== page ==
Also, in the recently reported long-term follow-up of patients treated in CLL14, PFS benefit was maintained at the 5-year follow-up. Most importantly, measurable residual disease (MRD) assessed in the peripheral blood (PB) by allele-specific oligonucleotide PCR assay (ASO-PCR; 3 months of treatment completion, with a sensitivity of 10–4) was 76% in the venetoclax arm compared with 35% in the chlorambucil arm.
Similarly, the MRD rate assessed by ASO-PCR in bone marrow (BM) was 57% vs 17%.1,2 Furthermore, 40% of patients treated in the venetoclax arm achieved MRD remission at 1×10–6 (measured in the PB by next-generation sequencing at the end of treatment) compared with 7% in the comparator arm.
The most common adverse event (AE) was neutropenia in both groups. Among patients treated with venetoclax plus obinutuzumab, grade 3/4 febrile neutropenia and infections occurred in 5% and 18%, respectively. Three patients treated with venetoclax plus obinutuzumab had tumor lysis syndrome. An open question is whether patients with CLL with high-risk features are candidates for FD approaches. Among the 25 patients with TP53 abnormality (del[17p] and/or TP53 mutation) treated with venetoclax in CLL14, the 5-year PFS was 40%. This result is inferior to that observed with ibrutinib monotherapy, which has an estimated 4-year PFS of 79% based on a pooled analysis of patients with treatment-naïve (TN) CLL who received treatment in a continuous fashion.3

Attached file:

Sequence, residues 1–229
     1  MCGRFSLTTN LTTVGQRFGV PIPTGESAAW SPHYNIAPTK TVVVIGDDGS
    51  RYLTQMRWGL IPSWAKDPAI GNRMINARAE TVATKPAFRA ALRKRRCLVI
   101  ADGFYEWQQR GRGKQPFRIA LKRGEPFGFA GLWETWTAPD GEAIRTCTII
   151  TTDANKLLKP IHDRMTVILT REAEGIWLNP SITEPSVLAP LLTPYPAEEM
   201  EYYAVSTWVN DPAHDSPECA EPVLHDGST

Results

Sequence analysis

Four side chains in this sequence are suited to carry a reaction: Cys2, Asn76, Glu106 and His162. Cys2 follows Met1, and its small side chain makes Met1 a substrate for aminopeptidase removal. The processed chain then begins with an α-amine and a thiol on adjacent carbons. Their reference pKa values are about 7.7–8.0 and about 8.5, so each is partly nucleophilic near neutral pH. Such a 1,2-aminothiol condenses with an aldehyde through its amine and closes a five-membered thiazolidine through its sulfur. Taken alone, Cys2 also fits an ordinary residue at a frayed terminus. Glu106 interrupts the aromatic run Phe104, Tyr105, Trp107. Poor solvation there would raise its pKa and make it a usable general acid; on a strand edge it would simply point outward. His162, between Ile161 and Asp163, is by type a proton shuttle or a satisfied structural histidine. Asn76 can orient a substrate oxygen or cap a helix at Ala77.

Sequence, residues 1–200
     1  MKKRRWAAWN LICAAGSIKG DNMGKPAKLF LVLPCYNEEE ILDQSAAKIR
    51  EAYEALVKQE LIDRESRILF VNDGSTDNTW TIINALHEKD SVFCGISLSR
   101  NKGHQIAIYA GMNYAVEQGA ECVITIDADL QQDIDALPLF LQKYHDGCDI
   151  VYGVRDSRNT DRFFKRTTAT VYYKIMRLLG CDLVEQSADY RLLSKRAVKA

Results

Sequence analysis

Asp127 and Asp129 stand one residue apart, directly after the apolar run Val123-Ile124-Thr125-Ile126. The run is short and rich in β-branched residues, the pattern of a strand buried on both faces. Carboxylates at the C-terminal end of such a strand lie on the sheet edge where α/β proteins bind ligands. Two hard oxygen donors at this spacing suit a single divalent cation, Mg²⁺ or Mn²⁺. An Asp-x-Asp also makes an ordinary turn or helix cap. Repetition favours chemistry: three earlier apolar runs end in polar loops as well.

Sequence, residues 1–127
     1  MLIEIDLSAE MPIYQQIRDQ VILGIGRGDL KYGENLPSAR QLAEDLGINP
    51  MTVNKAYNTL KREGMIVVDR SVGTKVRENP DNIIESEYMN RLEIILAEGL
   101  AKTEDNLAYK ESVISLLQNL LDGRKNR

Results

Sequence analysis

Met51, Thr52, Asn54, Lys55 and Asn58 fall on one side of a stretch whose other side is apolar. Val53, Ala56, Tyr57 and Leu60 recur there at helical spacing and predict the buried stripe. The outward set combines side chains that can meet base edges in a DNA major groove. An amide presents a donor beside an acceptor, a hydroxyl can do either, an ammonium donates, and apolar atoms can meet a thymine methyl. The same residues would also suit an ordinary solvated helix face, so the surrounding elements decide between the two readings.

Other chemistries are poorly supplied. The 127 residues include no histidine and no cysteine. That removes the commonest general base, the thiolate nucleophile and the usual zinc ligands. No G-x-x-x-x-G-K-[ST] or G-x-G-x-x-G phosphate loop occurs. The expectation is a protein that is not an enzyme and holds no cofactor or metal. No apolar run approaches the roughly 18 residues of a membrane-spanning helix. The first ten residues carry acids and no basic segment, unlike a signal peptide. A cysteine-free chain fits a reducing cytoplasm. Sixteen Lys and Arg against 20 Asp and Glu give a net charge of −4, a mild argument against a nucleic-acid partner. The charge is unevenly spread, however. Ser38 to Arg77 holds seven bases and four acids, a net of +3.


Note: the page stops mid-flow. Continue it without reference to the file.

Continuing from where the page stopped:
BTKi and Venetoclax Combination
Another FD approach consists of combining BTKi and venetoclax. Ibrutinib plus venetoclax is approved by the European Medicines Agency and Health Canada for the frontline treatment of patients 65 years and older or 18 to 64 years with preexisting comorbidities or creatinine clearance of less than 70 mL/min.
The approval is based on the results of 2 randomized trials: GLOW and CAPTIVATE. GLOW (NCT03462719) is a phase 3 trial that compared the efficacy of FD ibrutinib plus venetoclax (ibrutinib monotherapy for first 3 cycles and venetoclax combination for 12 cycles) to FD chlorambucil plus obinutuzumab in the frontline treatment of adult patients with CLL without TP53 abnormality older than 65 years or 18 to 64 years with comorbidities or creatinine clearance of 70 mL/min or less.